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Tag Archives: Les

“Be thou my wife”

LRK-DAK honeymoonIt is December 20. Seventy years ago today my grandfather, a rabbi, officiated at the wedding of my parents. In the scrapbook, two small documents mark the event, one a California Certificate of Marriage and the other a Jewish Covenant of Marriage.

There is no photo of the occasion. No gown. No towering wedding cake. No picture of the smiling bride and groom. For my mother, it was her second marriage and she would have considered it “unseemly” to make a show of it. My father was still finding his way home from a long war, and anyway would have shunned the fanfare of an elaborate wedding.

I’m not sure where the ceremony took place — in my grandparents’ home, perhaps — or who attended, though it was likely a very small, close gathering of family. The witnesses were the sisters-in-law, Helen and Charlotte, the wives of my mother’s brother and my father’s brother.

There was probably food, a toast, many mazeltovs, and then Les and Dorothy (she would have been Dottie, or Red, at the time) drove off to honeymoon in Death Valley, where this photo was taken.

I wonder what Dorothy was thinking that day. I know she was thrilled to be marrying Les, but did she miss the lace and tulle? Was she intimidated by the religious trappings of the ceremony? Did she feel welcomed by my father’s family or was she already constructing reasons to divide herself from them? How did she picture her future?

She spoke to me of many things, but she never talked about that day.

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Veterans Day

LRK tags and bronze star certificate

My father was a smart and honest man, quiet and hardworking, with a fine sense of humor, genuine warmth, and a profound love of family. He was a deep thinker and an avid reader. He approached problems with the orderly sensibility of an engineer. He fought for his country in a terrible war and, like most soldiers, saw too much that was unbearable. Whatever was broken inside him as a result of that experience remained — through strength of character, habit, luck, training, fear, or sheer stubbornness — contained and silent for the rest of his long life. I salute him and I miss him.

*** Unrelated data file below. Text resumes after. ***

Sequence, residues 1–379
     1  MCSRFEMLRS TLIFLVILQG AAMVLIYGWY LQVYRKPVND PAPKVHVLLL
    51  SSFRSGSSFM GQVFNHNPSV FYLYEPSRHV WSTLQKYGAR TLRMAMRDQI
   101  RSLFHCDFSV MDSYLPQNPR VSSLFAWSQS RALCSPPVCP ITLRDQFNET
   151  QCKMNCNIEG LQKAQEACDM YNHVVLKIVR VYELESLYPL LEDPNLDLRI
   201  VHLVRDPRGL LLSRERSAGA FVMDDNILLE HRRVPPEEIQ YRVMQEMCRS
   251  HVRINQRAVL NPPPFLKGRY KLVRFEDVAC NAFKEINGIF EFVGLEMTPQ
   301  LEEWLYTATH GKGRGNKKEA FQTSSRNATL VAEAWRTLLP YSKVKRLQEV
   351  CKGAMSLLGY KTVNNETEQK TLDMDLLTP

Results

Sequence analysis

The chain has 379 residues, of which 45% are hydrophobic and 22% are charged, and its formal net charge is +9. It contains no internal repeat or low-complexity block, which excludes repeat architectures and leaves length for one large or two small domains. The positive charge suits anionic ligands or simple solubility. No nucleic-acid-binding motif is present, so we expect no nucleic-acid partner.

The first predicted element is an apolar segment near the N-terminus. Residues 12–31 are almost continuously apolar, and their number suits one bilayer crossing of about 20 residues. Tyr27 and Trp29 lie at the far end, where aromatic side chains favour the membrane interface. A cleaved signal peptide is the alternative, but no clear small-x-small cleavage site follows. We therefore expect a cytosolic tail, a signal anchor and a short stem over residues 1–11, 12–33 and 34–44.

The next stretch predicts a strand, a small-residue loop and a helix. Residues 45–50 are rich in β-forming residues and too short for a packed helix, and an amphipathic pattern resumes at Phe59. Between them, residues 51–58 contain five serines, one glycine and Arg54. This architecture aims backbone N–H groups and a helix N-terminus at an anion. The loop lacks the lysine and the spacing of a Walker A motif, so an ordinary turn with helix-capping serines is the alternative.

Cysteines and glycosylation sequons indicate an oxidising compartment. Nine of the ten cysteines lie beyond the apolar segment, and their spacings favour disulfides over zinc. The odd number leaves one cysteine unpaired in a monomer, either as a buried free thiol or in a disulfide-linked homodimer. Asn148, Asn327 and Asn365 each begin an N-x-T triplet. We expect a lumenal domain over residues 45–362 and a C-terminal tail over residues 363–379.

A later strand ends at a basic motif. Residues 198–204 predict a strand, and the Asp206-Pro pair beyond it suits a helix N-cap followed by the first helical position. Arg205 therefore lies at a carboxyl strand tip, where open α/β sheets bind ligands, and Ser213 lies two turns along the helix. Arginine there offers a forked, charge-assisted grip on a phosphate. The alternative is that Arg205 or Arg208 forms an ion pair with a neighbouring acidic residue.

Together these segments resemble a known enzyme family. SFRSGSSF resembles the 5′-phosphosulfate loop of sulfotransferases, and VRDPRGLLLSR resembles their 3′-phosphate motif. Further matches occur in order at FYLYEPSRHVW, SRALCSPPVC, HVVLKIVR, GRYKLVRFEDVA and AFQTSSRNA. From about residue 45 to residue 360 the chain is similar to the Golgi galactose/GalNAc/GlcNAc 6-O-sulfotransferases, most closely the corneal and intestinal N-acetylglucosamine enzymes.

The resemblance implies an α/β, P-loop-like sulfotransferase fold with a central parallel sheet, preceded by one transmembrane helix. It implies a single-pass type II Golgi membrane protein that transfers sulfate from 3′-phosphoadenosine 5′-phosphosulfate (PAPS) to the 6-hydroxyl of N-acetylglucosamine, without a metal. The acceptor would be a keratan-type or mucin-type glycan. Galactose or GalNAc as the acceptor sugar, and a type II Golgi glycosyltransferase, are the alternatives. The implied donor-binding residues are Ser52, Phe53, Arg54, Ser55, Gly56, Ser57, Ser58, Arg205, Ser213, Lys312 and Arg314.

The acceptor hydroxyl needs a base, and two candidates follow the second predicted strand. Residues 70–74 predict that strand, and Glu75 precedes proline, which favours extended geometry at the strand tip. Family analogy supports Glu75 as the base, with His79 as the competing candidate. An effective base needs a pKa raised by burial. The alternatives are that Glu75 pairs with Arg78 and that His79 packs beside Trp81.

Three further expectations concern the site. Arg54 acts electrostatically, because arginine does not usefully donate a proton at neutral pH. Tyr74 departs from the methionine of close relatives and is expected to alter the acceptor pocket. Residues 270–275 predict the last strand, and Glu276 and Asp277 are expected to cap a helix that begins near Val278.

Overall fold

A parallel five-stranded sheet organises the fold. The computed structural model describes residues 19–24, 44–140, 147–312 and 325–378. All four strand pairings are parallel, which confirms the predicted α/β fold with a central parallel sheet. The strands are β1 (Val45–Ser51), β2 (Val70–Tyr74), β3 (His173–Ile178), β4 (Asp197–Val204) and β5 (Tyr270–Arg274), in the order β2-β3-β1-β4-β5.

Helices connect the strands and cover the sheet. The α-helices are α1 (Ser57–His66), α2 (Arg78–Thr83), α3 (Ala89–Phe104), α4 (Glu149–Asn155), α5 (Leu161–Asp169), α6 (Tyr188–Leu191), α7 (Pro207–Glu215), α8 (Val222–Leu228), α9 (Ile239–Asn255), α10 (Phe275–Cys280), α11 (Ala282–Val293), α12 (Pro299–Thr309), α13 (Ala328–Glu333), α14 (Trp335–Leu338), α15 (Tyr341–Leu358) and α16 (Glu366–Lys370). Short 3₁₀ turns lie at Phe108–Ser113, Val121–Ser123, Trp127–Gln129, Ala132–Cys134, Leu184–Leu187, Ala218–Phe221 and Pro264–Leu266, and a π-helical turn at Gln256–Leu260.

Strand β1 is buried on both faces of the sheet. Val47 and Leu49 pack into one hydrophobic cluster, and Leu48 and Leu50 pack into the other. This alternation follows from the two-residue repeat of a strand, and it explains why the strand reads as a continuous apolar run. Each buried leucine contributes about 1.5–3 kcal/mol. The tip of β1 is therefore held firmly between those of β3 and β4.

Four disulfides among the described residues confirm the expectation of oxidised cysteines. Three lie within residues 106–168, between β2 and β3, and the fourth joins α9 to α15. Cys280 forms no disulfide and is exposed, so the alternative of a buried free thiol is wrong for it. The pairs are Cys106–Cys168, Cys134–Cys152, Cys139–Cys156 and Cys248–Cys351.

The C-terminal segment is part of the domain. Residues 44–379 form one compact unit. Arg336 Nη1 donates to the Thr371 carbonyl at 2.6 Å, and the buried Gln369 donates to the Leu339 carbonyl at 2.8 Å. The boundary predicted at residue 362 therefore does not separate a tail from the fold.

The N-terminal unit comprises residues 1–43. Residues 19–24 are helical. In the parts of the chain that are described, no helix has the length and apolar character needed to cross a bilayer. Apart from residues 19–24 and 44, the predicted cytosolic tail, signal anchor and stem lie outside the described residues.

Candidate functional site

beginning

DAK - Death ValleyWho was this Dorothy? This boot-clad woman in the sweater I’ve never seen? What rough camp is this, with its big tables and bright windows? She isn’t posing, might be in the middle of saying something, in the middle of relaxing from a hike in the chilly afternoon.

The undated photo is likely from my parents’ honeymoon, December in Death Valley. They would have driven east and north from Los Angeles, across mountains and desert, filled with their own heat and promise, to reach this place of ghost towns and abandoned mines, this not-yet-a-resort. She was from a life of fur coats and Oysters Rockefeller, he the rabbi’s son with too many war years in the Army.

They would find their way, starting in this parched landscape of a zillion stars, set aside the familiar, the comfortable, to begin what might then have seemed the perfect union.

May 30

1954 - DAK-LRKUntil 1971, when national holidays began to wander the calendar in search of Monday, my parents each had a claim on May 30th: it was Memorial Day and it was my mother’s birthday.

By the time they met, the war was over; none of our family photos show them together with Les in uniform. The remnants of my father’s war were few: dog tags, Zippo, foot locker, sleeping bag, photos, and a slim folder of paperwork. His scars were not physical and, like others of his generation, he bore them with stoicism and little comment.

If my mother’s war had been a time of personal strength and freedom, she seemed equally willing to set it aside in favor of her new life with my father.

Each year on Memorial Day my father honored his memories, his lost family and friends, with a quiet walk among the headstones at the Veteran’s Cemetery. While my mother claimed to be unsentimental about her birthday, she never accompanied him on those walks, his brief abandonment of her like a small stone in the birthday cake.

But my father would return, soothed and soothing, and, wounds attended, the birthday would resume.